Special Section: Methane Biogeochemistry
Sources of atmospheric methane in the south Florida environment
Article first published online: 21 SEP 2012
Copyright 1988 by the American Geophysical Union.
Global Biogeochemical Cycles
Volume 2, Issue 3, pages 231–243, September 1988
How to Cite
1988), Sources of atmospheric methane in the south Florida environment, Global Biogeochem. Cycles, 2(3), 231–243, doi:10.1029/GB002i003p00231., , , , and (
- Issue published online: 21 SEP 2012
- Article first published online: 21 SEP 2012
- Manuscript Accepted: 21 MAR 1988
- Manuscript Received: 13 NOV 1987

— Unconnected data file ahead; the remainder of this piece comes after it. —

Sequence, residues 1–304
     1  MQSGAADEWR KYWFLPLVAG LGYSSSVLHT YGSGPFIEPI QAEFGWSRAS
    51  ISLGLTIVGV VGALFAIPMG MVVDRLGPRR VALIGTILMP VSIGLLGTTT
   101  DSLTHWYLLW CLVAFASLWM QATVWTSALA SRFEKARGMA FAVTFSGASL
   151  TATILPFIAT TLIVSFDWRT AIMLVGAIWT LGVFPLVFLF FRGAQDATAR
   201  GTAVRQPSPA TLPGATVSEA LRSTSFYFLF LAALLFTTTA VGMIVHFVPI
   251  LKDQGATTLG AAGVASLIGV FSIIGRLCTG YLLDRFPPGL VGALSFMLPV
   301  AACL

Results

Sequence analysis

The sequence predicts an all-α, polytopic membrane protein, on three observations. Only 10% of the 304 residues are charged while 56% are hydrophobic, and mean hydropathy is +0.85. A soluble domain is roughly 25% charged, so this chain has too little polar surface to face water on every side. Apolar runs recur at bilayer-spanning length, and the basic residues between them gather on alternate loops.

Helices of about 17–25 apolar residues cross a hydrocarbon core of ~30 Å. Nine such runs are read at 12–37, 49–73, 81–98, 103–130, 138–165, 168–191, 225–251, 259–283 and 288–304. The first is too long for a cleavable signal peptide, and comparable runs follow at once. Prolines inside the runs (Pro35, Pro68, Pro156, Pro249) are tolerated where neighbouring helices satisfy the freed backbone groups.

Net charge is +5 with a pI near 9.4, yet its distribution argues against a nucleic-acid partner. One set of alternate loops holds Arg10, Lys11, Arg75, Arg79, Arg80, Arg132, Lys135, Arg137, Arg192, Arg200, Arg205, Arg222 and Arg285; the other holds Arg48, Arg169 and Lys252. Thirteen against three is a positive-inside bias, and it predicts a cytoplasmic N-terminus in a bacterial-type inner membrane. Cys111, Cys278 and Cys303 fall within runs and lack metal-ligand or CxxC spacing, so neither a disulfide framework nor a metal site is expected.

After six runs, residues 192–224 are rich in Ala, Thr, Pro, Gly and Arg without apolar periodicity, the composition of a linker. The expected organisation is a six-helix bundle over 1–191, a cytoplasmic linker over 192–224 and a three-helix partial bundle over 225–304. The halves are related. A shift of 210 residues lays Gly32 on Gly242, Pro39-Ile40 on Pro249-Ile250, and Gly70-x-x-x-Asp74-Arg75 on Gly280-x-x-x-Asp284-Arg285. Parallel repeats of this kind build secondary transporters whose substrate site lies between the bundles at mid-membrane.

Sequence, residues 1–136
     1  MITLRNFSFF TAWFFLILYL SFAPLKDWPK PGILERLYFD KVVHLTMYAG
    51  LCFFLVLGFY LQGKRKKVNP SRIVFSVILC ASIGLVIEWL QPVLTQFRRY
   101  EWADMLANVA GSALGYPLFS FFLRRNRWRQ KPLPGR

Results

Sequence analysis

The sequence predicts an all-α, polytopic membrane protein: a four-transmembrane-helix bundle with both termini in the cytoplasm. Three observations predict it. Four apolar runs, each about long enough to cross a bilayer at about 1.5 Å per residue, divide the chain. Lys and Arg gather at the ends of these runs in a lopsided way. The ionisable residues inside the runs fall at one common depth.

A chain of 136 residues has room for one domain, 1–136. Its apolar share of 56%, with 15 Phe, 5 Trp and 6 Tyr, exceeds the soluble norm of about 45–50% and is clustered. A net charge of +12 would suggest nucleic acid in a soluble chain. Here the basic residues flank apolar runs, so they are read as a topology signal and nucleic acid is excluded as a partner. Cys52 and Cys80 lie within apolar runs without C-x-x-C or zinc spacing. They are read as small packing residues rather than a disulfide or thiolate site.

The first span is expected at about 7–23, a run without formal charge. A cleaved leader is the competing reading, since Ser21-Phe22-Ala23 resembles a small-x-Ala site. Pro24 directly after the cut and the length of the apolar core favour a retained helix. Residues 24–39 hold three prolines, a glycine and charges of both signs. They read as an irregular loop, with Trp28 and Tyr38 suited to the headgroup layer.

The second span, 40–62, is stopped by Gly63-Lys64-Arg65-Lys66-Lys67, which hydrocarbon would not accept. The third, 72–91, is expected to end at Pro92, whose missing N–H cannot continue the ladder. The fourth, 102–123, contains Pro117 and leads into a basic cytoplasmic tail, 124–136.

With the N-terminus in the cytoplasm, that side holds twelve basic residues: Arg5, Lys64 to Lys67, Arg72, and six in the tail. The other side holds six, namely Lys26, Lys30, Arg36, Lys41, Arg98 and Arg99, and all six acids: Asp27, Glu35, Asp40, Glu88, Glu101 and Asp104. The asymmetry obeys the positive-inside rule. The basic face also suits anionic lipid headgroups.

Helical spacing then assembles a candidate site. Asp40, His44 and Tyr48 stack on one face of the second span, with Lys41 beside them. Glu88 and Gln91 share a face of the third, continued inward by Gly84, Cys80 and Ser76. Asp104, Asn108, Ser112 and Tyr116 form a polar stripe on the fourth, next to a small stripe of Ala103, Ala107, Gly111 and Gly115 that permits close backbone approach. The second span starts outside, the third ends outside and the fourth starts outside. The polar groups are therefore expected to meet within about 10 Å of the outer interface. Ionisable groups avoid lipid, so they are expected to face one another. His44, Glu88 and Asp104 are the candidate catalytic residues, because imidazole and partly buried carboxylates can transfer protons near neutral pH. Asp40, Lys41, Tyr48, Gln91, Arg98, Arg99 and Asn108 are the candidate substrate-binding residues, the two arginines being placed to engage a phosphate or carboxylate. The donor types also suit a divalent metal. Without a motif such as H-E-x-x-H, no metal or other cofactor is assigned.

Direct measurement of methane (CH4) flux from wetland ecosystems of south Florida demonstrates that freshwater wet prairies and inundated sawgrass marsh are the dominant sources of atmospheric CH4 in the region. Fluctuations in soil moisture are an important environmental factor controlling both seasonal and interannual fluctuations in CH4 emissions from undisturbed wetlands. Land use estimates for 1900 and 1973 were used to calculate regional CH4 flux. Human settlement in south Florida has modified wetland sources of CH4, reducing the natural prairies and marsh sources by 37%. During the same period, impoundments and disturbed wetlands were created which produce CH4 at rates approximately 50% higher than the natural wetlands they replaced. Preliminary estimates of urban and ruminant sources of CH4 based on extrapolation from literature data indicate these sources may now contribute approximately 23% of the total regional source. We estimate that the integrated effects of urban and agricultural development in south Florida between 1900 and 1973 resulted in a 26% enhancement in CH4 flux to the troposphere.